• Physical and mental fatigue
  • Loyalty in relationships is a problem.
  • Possibility of alcohol and substance abuse as an unhealthy coping strategy


  • High-functioning people are often seen as being overachievers. But, this is a shortsighted perception that fails to consider the effort (and anxiety) necessary to reach that level of success.
  • You might accomplish essential tasks, such as housekeeping and work, but you feel like your life is restricted in other ways. For example, you don’t do much outside of your comfort zone.
  • Your anxiety is likely to dictate your actions. Your anxiety will likely dictate your actions. You may choose to calm your racing thoughts over pursuing activities that you enjoy or expand your horizons.
  • High functioning anxiety can lead to a distorted persona and a failure to express your true feelings.
  • Instead, you hold it all inside and make a plan to deal later with them. But later never comes.

Treatment Options

Talk to your doctor if you’ve never been diagnosed with a mental illness such as anxiety, but you identify with the symptoms or characteristics. Trusted medical professionals can offer support and refer you to a mental health professional.

What Therapy Can Do to Treat Anxiety

There are many effective treatments for anxiety disorders such as social anxiety disorder (GAD), generalized anxiety disorder (GAD), and other anxiety disorders.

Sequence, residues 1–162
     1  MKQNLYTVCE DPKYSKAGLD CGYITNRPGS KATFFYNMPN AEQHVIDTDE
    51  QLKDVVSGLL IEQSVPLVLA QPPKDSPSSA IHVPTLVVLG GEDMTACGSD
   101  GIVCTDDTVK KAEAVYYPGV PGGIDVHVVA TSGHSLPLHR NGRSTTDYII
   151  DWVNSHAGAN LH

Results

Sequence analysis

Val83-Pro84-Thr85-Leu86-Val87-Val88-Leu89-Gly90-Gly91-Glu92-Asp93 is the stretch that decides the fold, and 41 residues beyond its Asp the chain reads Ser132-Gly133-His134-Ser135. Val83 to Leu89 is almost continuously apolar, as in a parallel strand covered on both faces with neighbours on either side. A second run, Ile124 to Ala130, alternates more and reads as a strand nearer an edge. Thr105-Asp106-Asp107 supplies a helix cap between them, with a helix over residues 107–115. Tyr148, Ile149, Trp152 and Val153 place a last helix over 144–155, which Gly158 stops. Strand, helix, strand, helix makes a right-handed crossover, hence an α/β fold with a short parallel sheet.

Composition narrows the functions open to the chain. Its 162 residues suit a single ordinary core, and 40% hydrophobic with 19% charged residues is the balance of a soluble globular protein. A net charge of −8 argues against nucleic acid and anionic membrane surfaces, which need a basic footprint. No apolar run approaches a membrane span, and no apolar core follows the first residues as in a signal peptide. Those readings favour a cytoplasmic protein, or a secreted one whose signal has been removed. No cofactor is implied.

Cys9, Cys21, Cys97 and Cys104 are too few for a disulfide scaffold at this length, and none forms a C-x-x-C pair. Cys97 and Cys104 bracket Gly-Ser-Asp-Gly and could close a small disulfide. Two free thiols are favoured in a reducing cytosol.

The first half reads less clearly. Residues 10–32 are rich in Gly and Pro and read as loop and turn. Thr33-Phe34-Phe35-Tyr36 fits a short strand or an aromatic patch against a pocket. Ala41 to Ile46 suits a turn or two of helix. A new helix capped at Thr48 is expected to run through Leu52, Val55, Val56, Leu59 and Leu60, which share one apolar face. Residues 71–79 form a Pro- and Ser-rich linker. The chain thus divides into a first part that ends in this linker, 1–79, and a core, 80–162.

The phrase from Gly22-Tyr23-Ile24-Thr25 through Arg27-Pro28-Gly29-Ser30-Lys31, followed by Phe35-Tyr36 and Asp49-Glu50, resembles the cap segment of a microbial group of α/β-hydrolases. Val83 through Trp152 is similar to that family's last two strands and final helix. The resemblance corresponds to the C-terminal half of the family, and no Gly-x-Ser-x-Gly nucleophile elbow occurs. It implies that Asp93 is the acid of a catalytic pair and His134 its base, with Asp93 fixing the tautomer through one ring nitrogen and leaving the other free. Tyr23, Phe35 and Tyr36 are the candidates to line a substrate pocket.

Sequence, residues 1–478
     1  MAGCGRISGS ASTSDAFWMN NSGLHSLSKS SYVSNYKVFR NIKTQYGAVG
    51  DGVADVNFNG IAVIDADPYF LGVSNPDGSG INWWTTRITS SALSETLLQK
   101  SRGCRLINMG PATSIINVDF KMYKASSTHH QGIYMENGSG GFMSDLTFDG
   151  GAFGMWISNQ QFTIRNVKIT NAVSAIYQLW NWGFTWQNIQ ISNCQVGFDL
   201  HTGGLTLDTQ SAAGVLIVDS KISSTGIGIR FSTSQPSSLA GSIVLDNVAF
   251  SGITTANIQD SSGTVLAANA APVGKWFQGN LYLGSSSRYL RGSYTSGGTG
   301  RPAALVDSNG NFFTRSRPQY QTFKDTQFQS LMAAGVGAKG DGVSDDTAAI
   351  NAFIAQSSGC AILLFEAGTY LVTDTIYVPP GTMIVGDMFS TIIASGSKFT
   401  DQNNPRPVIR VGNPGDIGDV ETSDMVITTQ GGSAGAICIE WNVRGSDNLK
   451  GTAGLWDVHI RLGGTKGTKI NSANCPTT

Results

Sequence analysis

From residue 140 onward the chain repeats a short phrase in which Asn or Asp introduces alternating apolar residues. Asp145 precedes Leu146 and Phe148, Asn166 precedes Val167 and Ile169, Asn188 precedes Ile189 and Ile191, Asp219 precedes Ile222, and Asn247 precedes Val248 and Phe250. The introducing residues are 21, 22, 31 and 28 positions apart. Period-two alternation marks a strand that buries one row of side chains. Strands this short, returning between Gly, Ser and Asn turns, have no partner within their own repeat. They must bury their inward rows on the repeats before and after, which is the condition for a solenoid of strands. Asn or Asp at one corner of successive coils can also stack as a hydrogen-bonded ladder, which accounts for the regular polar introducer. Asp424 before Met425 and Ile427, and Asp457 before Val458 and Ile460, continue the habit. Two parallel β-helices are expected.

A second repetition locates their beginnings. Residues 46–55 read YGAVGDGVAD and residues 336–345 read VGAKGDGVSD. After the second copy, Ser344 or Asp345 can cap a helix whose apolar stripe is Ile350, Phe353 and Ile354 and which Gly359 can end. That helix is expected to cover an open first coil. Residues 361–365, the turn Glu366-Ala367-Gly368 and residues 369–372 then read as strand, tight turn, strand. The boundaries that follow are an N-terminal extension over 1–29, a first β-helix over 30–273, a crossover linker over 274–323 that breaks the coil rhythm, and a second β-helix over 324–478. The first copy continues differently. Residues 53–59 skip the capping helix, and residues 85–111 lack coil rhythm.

Anxiety disorders can also be treated using cognitive-behavioral treatment (CBT), medication such as selective serotonin reuptake inhibitors (SSRIs), or techniques like mindfulness training.

A combination of treatments can help anxiety sufferers manage their symptoms.

Get Help

Anyone suffering from anxiety can find help, even if they are high functioning. However, you may not have been able to seek help due to high functioning anxiety.

You might not have sought treatment for high functioning anxiety.

  • It’s a double-edged weapon, and you don’t want it to affect your success.
  • If you don’t work hard because of fear, your work may suffer.
  • It is possible to believe that just because you appear to be doing well (strictly from an objective perspective) does not mean you “need help” with your anxiety. Or that you don’t deserve help.
  • It is possible to believe that everyone experiences the same struggles as you and normal. You might think that you are “bad” at managing life stress.
  • Your internal struggles are not something you have ever shared with anyone, and your silence only reinforced the belief that you don’t need help.
  • It is possible to believe that no one will support you, asking for help or seeking it, because they have never seen you struggle.
  • For information about treatment and support in your local area, call the Substance Abuse and Mental Health Services Administration National Helpline at 1-800-662-4357 if you or someone you love is suffering from an anxiety disorder.

Coping Tips

High-functioning anxious sufferers can turn things around quickly, which is a good thing. They can make changes in their thinking and behavior to bridge the gap between a healthy, happier lifestyle quickly.